(Attention NYC Lawyers) Don’t Rent from Executive Suites NYC Until You Read This

By Stephen Furnari - December 7, 2013
(Attention NYC Lawyers) Don’t Rent from Executive Suites NYC Until You Read This

Executive suites can be like living in an apartment building in NYC where you never meet your neighbors. To get a feel for a space, take a test drive before renting.


Tuesday: A free eBook “The Insider’s Guide: How to Rent the Perfect Law Office”– (52 page, full color PDF)

Thursday: 5 Things Attorneys Must Consider Before Renting NYC Law Firm Office Space

Saturday: Sublet Office Space: Why NYC Law Firms Don’t Make Good Landlords

Sunday (Today): (Attention Lawyers) Don’t Rent from Executive Suites Until You Read This

Saturday: How Big Should a Law Firm Get Before Considering their Own Leased Office Space?

Executive suites are generally pretty nice facilities.

Will you get…

…a commercial office building with a fancy lobby? Good chance.

…nicely appointed reception and conference rooms?  More than likely.

…accommodating staff?  You bet.

…a fancy coffee maker with color LED lights and foaming milk? Absolutely.

…a collaborative work environment that adds real value to your practice (like referral or co-counsel opportunities)? Huh? Not a chance.

Easily collaborating with office mates is the best feature of renting a shared office space. When you work alongside many other professionals every day, it’s easy to exchange referrals or collaborate on projects.

You should expect your office rental to produce business for your firm.

Attorneys should expect their office space to be as monetarily productive as a junior associate. And just as your junior associate has billable hours requirements to be profitable, your office space should be held to the same standard. Over the course of a year you should expect to receive at least enough economic value from your office (through referrals and other opportunities) to pay for your rental fees.

Collaborative culture in executive suites starts with management.

But in order for this to happen, the office suite must have a culture of collegiality. In executive suites in NYC, collegiality starts with management. Management must set the tone that it is acceptable, if not encouraged, for officemates interact with each other. If management leads by example, tenants will follow.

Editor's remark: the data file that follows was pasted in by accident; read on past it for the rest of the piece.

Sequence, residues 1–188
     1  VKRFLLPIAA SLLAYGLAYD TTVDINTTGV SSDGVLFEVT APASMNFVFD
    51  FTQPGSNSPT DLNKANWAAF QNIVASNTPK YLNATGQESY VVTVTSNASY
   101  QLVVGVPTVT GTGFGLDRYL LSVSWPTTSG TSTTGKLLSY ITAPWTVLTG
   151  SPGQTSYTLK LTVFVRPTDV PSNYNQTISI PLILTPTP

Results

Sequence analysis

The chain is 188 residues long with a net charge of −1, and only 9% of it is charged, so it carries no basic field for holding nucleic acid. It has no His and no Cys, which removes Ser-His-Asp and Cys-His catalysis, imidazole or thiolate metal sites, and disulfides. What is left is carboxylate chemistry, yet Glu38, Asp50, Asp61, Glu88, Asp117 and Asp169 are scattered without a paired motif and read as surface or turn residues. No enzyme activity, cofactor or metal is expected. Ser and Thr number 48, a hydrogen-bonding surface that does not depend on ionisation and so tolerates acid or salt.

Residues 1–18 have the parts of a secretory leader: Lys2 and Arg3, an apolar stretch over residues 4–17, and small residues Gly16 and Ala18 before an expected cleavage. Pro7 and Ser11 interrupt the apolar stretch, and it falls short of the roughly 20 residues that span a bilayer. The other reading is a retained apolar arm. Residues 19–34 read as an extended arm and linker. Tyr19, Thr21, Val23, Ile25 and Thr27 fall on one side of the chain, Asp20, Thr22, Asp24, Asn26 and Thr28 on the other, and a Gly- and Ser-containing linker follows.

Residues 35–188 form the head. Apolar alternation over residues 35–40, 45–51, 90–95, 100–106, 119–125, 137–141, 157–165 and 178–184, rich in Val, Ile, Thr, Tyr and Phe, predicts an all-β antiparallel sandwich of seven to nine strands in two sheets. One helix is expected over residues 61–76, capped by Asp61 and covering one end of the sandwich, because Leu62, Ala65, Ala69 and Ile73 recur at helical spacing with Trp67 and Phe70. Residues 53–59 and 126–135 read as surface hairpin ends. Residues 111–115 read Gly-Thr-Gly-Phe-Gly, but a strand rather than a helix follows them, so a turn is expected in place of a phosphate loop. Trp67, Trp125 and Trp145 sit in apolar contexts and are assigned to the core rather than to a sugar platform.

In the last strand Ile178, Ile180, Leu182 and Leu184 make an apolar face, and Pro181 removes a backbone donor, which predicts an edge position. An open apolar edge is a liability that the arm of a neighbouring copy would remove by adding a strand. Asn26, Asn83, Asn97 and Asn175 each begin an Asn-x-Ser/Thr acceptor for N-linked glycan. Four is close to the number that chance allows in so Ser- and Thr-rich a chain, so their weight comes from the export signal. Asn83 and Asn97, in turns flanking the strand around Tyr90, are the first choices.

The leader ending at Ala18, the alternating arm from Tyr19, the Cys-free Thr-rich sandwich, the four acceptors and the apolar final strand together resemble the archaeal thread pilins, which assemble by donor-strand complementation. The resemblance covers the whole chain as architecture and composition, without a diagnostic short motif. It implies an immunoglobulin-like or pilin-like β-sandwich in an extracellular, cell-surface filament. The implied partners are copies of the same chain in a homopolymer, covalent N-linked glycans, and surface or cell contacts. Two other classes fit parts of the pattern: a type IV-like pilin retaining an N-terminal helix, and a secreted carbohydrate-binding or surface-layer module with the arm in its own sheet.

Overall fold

Yet, what you commonly find in business centers is a culture that is identically similar to living in a high rise doorman apartment building.  You can live in a building for years and never meet any of your neighbors. In fact, most apartment dwellers actively ignore their neighbors and it’s totally acceptable behavior.

Working in executive offices, in New York can be exactly like this.  Except for some occasional small talk with the receptionist, most tenants proceed to their office, close the door behind them and spend the rest of their day working in “closed-door-solitude.”

There is very little interaction, and accordingly there is very little opportunity for collaboration.

Executive office space staff generally do a great job of getting to know each client. They just do a lousy job of getting clients to know each other.

For an attorney, this “culture of solitude” may represent tens of thousands of dollars in lost opportunity every year.

Before renting from executive suites NYC, take a test drive (on them).

Most executive suite operators have a “day office” program.  That is, you can come into the center and rent an office by the day.  Often, operators will give to prospective clients who are interested in renting an office a free day or half day rental (we also do this at Law Firm Suites’ executive suite for law firms).

Whether they offer the incentive or not, ask the sales manager if you can use a day office for a half-day (on them) to get a feel for the space.  Find out from the manager the day of the week when they have the most activity in the office.

Show on that day with your laptop. Do a little work, but mostly schmooze.  Ask the manager to introduce you to some of the lawyers in the office.  If it can be arranged, see if there are any lawyers who could be potential referral partners and see if they would want to meet for lunch with you.

Talk to some of the other tenants, especially those professionals who may be working with the same kinds of clients as you.

Finally, get a feel for the energy in the space.  Is it collegial, too noisy, too quiet, do people interact with each other, or does it have a vibe similar to a hotel.

Your Turn

Is a collegial work environment something you thought about when considering executive suites for office space?

Interested in taking a test drive of Law Firm Suites’ offices, get a free half-day office rental on us.  See this page for details >>

Thank you for reading, I’ll see you down in the comments! And don’t forget to come back to read the remaining  post from Finding the Perfect Law Office month.

photo credit: zio Paolino via photopin cc

About Stephen Furnari

Stephen Furnari is a self-employed corporate attorney and the founder of Law Firm Suites, the operator of coworking spaces for law firms. Through Law Firm Suites, Furnari has helped hundreds of attorneys launch and grow successful law practices. He is the author of several eBooks, including “7 Deadly Mistakes that Prevent Law Practice Success” and “An Insider’s Guide to Renting the Perfect Law Office”. Stephen has been featured in the ABA Journal, Entrepreneur, New York Daily News and Crain’s New York. Connect with Stephen on Twitter (@stephenfurnari).

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